For candidates currently on the job market, knowing how to select the right employer to apply to can be crucial. You don’t want to waste your hard-earned talents or passion in a dead-end career; nor do you want to spend your energy in a work space whose cultures you don’t value or whose work you don’t believe in.
Here are five steps for researching employers before an interview:
Whatever field you are hoping to work in, the best way to research the company effectively is to search for the criteria that mean the most to you. Spend some time prior to your interview honing in on what you are specifically looking for in a job and an employer. Try to find companies in your research that exemplify those traits.
If you’re really serious about moving and shaking in your career field, shoot high and try to find employers that offer the potential for growth. If former employees who have had your potential role have moved on in positive ways, connect with them, if you can, and try to get them to share their experiences. Knowing that your employer either has room for growth, or connections to help you make a bigger move somewhere down the line, can be a boost in sealing the deal for this position.
When it comes to determining if an employer is right for you, the tone and vibe of their website, as well as their social media accounts, is the best way to get an idea of what they are all about before you step foot in the door for your interview.
Do you like the message they’re spreading? If not, it may be time to move on. If so, make sure you got the perfect outfit selected for the momentous occasion.
Search for the name of the company you are looking to apply at, as well as some of the top leaders in the organization. Look for news articles or links pertaining to the company. Press may give you an outsider’s perspective on what the company is all about.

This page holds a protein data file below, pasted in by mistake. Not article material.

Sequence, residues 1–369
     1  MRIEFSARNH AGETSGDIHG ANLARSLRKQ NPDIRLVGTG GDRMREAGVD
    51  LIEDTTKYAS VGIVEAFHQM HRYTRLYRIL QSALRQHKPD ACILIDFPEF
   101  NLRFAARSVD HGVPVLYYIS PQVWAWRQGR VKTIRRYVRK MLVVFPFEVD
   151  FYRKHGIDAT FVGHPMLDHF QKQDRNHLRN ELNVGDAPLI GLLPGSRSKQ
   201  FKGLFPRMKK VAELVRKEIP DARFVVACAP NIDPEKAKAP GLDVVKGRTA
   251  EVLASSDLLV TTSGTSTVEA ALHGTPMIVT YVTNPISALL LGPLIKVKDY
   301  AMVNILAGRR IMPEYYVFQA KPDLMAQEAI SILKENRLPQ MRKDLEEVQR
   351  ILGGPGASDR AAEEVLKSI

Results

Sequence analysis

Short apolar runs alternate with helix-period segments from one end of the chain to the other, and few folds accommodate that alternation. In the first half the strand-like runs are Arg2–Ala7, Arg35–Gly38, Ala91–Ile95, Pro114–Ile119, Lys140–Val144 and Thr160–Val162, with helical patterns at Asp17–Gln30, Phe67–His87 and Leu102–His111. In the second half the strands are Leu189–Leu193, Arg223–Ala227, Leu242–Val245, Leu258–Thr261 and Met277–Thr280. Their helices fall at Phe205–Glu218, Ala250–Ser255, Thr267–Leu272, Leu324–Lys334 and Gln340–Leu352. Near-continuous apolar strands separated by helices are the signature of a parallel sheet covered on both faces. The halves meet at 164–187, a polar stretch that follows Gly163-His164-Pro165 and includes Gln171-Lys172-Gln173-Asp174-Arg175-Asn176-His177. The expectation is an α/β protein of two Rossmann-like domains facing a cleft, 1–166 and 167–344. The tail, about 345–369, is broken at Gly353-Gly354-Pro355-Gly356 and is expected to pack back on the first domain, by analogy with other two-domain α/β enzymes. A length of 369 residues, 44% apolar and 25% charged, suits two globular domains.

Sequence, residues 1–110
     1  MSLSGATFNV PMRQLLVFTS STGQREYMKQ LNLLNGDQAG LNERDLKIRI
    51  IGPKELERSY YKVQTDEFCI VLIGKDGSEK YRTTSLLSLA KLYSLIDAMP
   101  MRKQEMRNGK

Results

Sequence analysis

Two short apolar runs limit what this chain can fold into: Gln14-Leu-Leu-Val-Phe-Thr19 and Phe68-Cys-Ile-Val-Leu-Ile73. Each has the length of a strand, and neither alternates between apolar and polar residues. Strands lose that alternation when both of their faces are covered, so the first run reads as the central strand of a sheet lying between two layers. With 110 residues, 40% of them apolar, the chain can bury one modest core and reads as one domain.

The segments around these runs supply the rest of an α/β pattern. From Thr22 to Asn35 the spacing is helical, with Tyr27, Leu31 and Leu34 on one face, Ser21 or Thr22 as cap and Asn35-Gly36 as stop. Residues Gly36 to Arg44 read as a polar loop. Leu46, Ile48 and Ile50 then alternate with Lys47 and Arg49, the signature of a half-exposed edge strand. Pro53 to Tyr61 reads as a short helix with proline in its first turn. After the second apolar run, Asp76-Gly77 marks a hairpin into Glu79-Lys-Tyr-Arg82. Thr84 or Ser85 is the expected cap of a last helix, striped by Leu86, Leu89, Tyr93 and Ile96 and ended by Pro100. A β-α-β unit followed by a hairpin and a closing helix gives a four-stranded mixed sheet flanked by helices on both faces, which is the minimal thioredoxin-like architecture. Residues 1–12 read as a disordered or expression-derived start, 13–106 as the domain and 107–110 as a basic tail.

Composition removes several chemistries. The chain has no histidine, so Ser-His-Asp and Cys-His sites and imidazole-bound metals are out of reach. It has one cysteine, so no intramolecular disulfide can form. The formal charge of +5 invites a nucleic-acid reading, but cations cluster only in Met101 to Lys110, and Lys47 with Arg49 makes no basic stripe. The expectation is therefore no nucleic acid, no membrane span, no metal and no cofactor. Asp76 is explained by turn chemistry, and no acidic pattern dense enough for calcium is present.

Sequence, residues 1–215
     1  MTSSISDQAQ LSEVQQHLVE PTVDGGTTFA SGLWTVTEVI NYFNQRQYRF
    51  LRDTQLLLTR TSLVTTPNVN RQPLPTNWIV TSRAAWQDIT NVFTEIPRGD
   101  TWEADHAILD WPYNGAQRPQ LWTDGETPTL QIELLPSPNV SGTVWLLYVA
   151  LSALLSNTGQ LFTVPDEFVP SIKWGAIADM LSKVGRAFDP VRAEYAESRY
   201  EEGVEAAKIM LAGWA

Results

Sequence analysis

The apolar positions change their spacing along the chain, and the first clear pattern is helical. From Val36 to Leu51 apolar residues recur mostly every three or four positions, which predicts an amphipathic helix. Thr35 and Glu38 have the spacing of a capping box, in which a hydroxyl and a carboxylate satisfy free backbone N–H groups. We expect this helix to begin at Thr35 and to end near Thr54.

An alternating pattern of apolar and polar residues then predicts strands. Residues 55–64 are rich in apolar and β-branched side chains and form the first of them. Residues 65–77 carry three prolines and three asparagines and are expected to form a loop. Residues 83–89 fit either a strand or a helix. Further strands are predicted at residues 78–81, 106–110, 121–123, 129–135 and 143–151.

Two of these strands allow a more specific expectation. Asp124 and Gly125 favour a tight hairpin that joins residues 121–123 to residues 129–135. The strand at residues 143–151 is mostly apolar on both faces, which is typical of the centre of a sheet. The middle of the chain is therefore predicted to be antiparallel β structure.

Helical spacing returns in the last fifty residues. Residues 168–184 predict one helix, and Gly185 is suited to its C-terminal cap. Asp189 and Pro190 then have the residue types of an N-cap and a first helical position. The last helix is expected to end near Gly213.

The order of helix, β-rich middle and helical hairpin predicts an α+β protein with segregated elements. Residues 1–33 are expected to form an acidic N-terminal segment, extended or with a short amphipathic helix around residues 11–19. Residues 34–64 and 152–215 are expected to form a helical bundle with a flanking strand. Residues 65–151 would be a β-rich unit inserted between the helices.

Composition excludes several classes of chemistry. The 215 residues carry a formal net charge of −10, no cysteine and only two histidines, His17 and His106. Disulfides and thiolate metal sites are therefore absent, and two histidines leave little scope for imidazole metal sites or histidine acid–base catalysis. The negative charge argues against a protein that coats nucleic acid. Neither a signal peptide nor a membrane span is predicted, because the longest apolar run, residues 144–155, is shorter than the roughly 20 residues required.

One step in determining if an employer is a bad egg is to check out their online reviews. If the people who once represented the employer have nothing nice to say, it may be possible that you will eventually have a sour taste in your mouth when it comes to this workplace. save yourself the trouble, and find someone whose reviews are glowing to medium. If anything seems fishy, check their Better Business Bureau standings.
Depending on the field, there may be industry professionals or peers that you can reach out to for an unbiased opinion on the company you’re about to apply with. Ask around and don’t be afraid to take the answers to heart; after all, most people don’t have anything to gain by just telling you the truth about their insights on the company.
By researching a company’s potential for growth, stance on issues important to you, and ability to meet your job criteria, you can take great strides toward determining which employer is right for you, before ever heading into an interview.